Our research focuses on understanding mechanisms that regulate innate immune cell generation and function in cancer and inflammation, with the goal to use this knowledge to advance cancer immunotherapy.
We use multidisciplinary approaches encompassing molecular, cellular, and model organism-based experimentation to address fundamental immunological questions.
We are also fortunate to collaborate with an array of translational and clinical investigators, allowing us to examine clinically-relevant questions.
Our research projects center on delineating how extracellular factors affect the function of antigen-presenting cells in the tumor microenvironment via intracellular STAT signaling, advancing use of our novel type 1 conventional dendritic cell (cDC1) vaccine in cancer immunotherapy-refractory tumors, and understanding how STAT3 signaling protects the hematopoietic system.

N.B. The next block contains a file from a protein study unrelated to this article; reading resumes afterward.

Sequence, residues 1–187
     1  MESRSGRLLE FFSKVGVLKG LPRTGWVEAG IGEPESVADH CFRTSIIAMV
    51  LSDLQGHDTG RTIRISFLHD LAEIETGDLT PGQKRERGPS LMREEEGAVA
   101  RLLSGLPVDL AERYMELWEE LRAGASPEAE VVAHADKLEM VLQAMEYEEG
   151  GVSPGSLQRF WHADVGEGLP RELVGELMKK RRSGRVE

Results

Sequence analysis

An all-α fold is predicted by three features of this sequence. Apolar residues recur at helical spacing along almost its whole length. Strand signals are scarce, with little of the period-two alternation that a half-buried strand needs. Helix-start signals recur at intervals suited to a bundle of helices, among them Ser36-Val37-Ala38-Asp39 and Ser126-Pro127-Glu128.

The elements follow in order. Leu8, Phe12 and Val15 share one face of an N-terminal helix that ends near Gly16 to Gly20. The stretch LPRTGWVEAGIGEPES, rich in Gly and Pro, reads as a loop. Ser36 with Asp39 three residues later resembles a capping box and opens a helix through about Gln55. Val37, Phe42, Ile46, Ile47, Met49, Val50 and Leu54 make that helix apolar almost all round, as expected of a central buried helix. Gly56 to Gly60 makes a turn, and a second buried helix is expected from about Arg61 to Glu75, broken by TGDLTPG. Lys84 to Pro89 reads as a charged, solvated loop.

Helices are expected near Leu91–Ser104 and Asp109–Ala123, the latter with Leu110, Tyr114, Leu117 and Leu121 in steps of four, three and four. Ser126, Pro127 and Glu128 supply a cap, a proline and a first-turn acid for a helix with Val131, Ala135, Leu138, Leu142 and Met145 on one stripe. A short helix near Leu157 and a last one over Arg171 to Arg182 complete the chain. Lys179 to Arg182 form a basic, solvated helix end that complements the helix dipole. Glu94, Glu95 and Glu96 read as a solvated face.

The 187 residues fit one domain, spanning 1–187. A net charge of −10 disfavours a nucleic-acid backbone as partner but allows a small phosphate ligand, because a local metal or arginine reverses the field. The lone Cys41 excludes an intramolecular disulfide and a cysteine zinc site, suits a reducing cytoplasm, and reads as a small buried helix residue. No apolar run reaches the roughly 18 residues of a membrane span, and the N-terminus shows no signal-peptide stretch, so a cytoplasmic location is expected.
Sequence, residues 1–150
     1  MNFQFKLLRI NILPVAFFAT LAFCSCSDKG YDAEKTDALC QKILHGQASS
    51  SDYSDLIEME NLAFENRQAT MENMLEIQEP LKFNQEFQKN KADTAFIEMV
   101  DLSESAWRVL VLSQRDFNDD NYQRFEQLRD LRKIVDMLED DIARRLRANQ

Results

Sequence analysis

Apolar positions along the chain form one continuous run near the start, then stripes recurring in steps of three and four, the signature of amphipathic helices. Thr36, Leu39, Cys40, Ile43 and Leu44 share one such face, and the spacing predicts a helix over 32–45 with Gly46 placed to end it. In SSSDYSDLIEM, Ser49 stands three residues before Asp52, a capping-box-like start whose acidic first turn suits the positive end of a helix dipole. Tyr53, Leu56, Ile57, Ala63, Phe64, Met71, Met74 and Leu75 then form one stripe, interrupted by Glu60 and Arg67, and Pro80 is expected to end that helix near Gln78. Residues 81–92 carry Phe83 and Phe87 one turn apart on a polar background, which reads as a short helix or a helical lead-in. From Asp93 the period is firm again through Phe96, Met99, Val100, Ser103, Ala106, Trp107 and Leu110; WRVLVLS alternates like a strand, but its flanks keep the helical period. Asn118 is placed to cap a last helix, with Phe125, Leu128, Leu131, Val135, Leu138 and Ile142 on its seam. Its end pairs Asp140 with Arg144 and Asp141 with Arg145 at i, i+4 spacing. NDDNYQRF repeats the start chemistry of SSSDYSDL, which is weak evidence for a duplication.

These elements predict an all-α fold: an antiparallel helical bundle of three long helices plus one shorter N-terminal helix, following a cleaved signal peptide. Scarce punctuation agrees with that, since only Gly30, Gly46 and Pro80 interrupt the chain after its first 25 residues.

We have recently generated novel animal models of immune checkpoint inhibitor (ICI) -associated colitis.
These models are being used to investigate innate immune responses and fecal microbiome components that influence therapeutic response to ICI and development of ICI colitis.